With federal budgets proposing to cut funding for arts, it is evident that poetry could be pushed further aside for more lucrative financial endeavors. With that in mind, writing poetry is important to me because it challenges the idea that non-lucrative or creative endeavors are not relevant or necessary. Each poem I write inherently protests the marginalization of the arts. In a patriarchal society that sees women as inferior, resisting patriarchal conventions through writing is revolutionary. When I write about what I see, whether overtly insubordinate to convention or not, I am making a statement against forces claiming that my perspective is inferior. That kind of resistance is always at the forefront of my mind when writing. My poems participate in a tradition of witness that explores subjects like family, spirituality, and nature and that perceives such subjects as inherently valuable and political. Whether writing about my mother, God, or the death of loved ones, my work simultaneously provides a record of tragedy and an imaginative lens on everyday life. I strive to not only confess and provide witness for my memories, traumas, and experiences, but to attempt to reconcile them via suggestive imagery, narrative additions, and metaphorical counterpoints.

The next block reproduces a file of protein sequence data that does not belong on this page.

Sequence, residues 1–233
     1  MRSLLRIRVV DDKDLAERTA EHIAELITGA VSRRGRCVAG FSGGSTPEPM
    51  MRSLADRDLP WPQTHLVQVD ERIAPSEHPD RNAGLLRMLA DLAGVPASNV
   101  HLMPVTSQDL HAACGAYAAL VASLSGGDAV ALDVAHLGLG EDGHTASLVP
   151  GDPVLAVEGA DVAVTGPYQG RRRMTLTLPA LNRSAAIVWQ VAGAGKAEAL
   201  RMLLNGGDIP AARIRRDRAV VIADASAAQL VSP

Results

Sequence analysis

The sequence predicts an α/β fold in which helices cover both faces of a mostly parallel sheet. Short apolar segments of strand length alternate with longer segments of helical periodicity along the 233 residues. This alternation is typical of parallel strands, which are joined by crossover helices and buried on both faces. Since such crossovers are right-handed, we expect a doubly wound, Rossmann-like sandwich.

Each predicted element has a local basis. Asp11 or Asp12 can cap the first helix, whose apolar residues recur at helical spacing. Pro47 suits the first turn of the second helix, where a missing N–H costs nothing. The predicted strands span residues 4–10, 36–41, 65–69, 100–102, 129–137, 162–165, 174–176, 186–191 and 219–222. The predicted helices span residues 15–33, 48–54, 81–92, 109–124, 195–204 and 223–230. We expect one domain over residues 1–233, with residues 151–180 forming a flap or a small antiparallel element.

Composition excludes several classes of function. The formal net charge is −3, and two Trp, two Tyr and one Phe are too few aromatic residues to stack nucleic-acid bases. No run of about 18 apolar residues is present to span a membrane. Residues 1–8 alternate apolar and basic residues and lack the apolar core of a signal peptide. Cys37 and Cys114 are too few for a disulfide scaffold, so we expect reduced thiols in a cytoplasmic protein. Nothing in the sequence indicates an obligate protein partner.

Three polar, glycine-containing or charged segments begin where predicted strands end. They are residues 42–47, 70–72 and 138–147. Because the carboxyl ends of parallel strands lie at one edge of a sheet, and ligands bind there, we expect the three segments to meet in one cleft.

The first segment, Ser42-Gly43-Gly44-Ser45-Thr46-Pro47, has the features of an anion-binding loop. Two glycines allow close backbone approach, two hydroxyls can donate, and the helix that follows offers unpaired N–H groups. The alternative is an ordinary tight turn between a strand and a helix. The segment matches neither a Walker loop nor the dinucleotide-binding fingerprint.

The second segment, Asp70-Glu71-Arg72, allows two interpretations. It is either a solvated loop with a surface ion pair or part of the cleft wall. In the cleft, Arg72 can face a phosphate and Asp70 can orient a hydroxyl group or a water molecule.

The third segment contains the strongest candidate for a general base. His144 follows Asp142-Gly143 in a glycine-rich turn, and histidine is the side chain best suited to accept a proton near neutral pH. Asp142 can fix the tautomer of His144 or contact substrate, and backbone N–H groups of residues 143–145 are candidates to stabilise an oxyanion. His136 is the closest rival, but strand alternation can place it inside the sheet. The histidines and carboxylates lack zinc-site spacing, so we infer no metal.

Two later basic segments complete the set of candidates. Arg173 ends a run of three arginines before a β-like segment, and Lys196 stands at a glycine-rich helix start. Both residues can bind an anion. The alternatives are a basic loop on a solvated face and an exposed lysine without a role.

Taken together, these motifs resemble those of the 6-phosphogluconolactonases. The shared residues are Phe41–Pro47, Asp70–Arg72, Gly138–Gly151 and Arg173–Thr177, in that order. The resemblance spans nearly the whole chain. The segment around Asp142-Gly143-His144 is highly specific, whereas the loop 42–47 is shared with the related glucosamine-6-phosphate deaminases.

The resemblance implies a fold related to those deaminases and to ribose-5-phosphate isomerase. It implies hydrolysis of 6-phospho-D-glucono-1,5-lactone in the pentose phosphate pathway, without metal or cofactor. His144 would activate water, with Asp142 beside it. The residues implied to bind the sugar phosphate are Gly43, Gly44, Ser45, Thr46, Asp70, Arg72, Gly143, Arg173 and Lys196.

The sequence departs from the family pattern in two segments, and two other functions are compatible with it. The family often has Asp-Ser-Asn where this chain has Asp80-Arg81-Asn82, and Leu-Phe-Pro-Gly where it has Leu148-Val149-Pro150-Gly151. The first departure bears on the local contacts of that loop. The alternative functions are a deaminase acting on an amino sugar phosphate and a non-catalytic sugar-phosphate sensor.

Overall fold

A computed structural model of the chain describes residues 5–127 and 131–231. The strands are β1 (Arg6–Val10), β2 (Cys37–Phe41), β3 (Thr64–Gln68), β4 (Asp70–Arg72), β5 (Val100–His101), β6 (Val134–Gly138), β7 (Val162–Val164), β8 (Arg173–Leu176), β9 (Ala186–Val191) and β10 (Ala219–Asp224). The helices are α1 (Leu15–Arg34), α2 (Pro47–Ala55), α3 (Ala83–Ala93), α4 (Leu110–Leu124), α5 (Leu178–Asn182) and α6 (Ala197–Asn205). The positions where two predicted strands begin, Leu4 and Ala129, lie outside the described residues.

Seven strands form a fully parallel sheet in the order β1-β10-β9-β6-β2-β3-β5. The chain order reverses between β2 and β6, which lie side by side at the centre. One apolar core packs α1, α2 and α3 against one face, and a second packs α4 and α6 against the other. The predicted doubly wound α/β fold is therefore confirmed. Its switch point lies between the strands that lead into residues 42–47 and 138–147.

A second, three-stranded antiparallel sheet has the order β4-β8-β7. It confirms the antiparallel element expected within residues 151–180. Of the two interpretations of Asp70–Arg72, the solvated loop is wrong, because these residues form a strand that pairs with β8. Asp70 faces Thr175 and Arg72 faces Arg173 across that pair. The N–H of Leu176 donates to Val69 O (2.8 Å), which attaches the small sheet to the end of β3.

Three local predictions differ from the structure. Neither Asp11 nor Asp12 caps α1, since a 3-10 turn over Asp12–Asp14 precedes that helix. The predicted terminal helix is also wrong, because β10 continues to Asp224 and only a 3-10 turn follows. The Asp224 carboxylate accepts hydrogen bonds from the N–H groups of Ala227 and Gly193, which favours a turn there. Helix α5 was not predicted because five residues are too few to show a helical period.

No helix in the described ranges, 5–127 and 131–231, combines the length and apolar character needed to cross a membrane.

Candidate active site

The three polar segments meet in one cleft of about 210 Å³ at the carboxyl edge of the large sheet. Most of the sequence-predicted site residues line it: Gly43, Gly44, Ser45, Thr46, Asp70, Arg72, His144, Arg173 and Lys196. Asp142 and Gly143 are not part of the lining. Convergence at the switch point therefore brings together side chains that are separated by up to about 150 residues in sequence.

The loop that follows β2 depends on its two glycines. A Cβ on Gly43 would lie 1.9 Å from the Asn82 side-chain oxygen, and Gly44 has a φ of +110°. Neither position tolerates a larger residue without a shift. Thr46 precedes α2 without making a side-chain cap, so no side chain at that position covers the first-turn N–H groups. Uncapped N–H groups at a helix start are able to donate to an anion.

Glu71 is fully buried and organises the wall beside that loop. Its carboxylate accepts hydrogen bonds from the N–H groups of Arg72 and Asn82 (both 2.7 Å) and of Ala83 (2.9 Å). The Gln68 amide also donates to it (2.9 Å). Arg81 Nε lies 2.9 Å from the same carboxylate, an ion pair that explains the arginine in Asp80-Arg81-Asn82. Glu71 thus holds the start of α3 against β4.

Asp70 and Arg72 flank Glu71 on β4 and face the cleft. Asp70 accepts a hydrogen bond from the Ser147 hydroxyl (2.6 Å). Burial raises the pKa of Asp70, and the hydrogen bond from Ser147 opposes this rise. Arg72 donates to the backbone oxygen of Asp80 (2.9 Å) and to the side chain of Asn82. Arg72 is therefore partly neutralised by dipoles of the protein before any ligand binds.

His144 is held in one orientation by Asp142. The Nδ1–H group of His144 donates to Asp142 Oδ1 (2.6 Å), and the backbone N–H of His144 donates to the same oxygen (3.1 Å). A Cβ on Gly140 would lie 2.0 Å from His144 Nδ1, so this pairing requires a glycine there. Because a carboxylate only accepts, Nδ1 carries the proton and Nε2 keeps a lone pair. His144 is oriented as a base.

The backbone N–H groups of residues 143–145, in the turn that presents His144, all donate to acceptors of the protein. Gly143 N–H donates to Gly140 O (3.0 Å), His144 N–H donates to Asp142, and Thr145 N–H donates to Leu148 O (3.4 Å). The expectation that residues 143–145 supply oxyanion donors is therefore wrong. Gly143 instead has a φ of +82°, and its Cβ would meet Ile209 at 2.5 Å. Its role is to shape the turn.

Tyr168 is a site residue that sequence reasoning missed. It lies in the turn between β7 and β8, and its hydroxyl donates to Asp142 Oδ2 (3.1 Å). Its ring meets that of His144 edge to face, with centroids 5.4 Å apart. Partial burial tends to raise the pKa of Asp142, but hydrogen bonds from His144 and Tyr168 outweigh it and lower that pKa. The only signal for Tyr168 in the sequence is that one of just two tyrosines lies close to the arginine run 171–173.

Karstin Johnson is an MFA candidate at the University of Arkansas, but considers the Southern California coast “home.” She is the Co-Creative Writing Director of the Northwest Arkansas Prison Stories Project. She has been published in Passages North and was recently awarded Lily Peter Fellowship in Poetry and the Harrison/Whitehead Founders’ Fellowship.